The first song on the album, How Can You Stand There (no question mark, interestingly enough – this song is making a statement), picks up where Stand Down Margaret leaves off. Just as the band politely insisted that Mrs. Thatcher take a hike, How Can You Stand There asks all of us to re-examine our own role in a world that seems to be swallowing itself whole in a quagmire of environmental, political, and social destruction. Dave asks, or rather, emphatically states, “How can you stand there/when all around you is a lie/how can you stand there/and wonder why.” Lyrically, this is serious business. Musically, the song is glorious and infectiously energetic. If you don’t get up to dance to this one, you’re dead. Full stop. Ranking Full Stop. The song builds, adding layer upon layer with each verse and chorus, until the listener is pulled toward the final minute of glorious, ska-sational frenzy. Musically, you cannot stand there; it’s absolutely impossible. Lyrically, you realize that you can no longer stand by while so much is wrong with the world. Thus, How Can You Stand There is more than just getting up on your feet to dance; it’s about getting up out of your comfortable middle-class chair and making a change in the world.

The One and Only follows, and it harkens back to General Public’s first album, All the Rage, a modern-day Tenderness and Never You Done That rolled into one. GP fans will especially like this one.

Redemption Time is next, with elements of UB 40 and dancehall reggae. “You can’t say no” to this song, nor should you. This song is pure bliss, with elements of Forward as One by General Public.

If Killing Worked repeats the formula of How Can You Stand There, upbeat and very danceable music obligating your feet to move while the lyrics obligate you to examine your own political and social conscience, exactly what the best social and political music of the 1980’s – much of it written by Mr. Wakeling — did. Dave gives us a mirror (in the bathroom, perhaps?) and asks us to look directly into it: “Turn on your TV/see what we’ve done/our culture looks like a setting sun.” If Killing Worked is straightforward pop/rock, a stark but brilliant contrast to the previous reggae-infused track.

Here We Go Love gives us insight into Dave’s marvelous sense of humor and magnificent use of double-entendre: “here we go love/heavens above/ God only nose/all covered in blood.” That clever play on words is one of the few lyrics in this song to get a PG rather than R rating. But Dave clearly doesn’t give a f—.  At this point in his career Papa Dave can say and sing what he wants, and he doesn’t mince words with this one. But somehow, rather than sounding angry, the song sounds playful. I’m not sure how Dave accomplishes this, but he just does. I found myself grinning ear to ear as I sang along with a lot of words that end in –uck, -ick, and –unt”. Serious fun, this one. It would be a hit song on the radio, but, bleeping out that many words makes it problematic. Great f—ing song!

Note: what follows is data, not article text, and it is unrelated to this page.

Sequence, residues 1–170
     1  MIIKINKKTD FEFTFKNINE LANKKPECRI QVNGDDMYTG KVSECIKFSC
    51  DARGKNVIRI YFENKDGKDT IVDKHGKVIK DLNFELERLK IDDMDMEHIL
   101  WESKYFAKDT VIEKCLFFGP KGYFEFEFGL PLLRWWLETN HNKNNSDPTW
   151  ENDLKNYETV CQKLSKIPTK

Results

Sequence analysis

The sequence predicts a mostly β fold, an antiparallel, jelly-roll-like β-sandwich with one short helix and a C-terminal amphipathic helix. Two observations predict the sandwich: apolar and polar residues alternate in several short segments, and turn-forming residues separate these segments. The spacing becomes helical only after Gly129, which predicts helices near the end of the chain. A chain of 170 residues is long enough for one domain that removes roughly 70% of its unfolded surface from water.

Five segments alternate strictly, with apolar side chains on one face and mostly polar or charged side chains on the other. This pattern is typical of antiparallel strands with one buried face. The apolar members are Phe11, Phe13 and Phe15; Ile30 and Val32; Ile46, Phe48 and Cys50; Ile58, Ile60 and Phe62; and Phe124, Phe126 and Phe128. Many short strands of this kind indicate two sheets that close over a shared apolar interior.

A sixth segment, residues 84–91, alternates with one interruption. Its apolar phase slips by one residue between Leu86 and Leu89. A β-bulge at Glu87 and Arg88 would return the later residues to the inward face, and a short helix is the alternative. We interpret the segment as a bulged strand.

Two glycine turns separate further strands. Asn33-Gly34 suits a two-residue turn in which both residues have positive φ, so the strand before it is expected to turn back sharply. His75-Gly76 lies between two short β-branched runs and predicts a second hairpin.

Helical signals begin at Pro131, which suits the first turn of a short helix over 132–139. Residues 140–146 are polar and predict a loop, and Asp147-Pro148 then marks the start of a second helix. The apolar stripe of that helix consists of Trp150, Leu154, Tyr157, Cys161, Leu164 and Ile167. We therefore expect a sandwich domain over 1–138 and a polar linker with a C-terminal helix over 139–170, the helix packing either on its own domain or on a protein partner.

Never Die is a beautiful, touching song, and a crowd favorite at shows. This song feels like a big Papa Dave hug to his fans, a timeless gift to listeners who need a big English Beat embrace. Soft and gentle, Never Die builds into triumphant victory over sadness, rather than wallowing in sadness, embracing it and overcoming it by song’s end. “Just try to live your life like each day was your last,” Dave implores us, and we have no choice but to agree. Never Die is a testament to the fact that The English Beat’s music will indeed never die.

The Love You Give takes us by the hand for a hopeful stroll that fits as the perfect complement to Never Die.  The Love You Give reminds us that we are indeed never going to die, because “the love you give lasts forever.” Love is eternal, and although Joy Division contended that “Love Will Tear Us Apart,” Dave reaffirms that love will bring us closer to immortality. Infused with gorgeous harmonies, Dave’s vocals make us believe that we will live forever, and we can feel him smiling knowingly as he sings this absolutely gorgeous song.

You Really Oughta Know is the perfect poster child for Here We Go Love:  a mix of jazz, reggae, and pop, it is immediately satisfying, with a horn section reminiscent of “Come Again” from General Public’s second album, Hand to Mouth.

You’re Stuck starts off with a hard-driving guitar riff, and it never lets up off the gas pedal. Blinding song, the band rockin’ out from start to finish.

Everytime You Told Me, with its smooth sax solo, is a bluesy tune. Both musically and lyrically, this song harkens back to to Workin’ for a Livin’ by Huey Lewis and the News, one of the best blue-collar tunes of the 80’s. “Damned if you do/damned if you don’t” are lyrics shared by both of these hardworking songs.

Dem Call It Ska brings us back to classic ska/reggae all the way: “All this and you still want more?” Dave asks, almost perplexed. Yes, we are spoiled by this Grammy-worthy album, so while we are immensely satisfied, near the end of this masterpiece of an album, we do indeed still want more.

In Drive Her Away, we get more! More pop, and it’s more than welcomed in this eclectic mix of musical mastery.

The final track is Be There For You, a reggae song with a slight calypso feel to it, reminding us that this album will be there for us, just like the other Beat albums, an instant and timeless classic that we’ll want to hear again and again and again. There’s a dignified nod to Bob Marley to close the song out. The sax solo at the end of Be There for You is something that the legendary Saxa would be proud of, all of it culminating in Whistling Wakeling’s trademark sibilance.

With Here We Go Love, Dave Wakeling and company have once again hit the Jackpot. For fans and listeners, it’s not The End of the Party, but just the beginning of a new chapter in the sublime, and uncategorizable sound that is The English Beat.

  • Robert E. Rubin is a freelance writer, English and Spanish professor, and kickboxing instructor in Dayton, Ohio.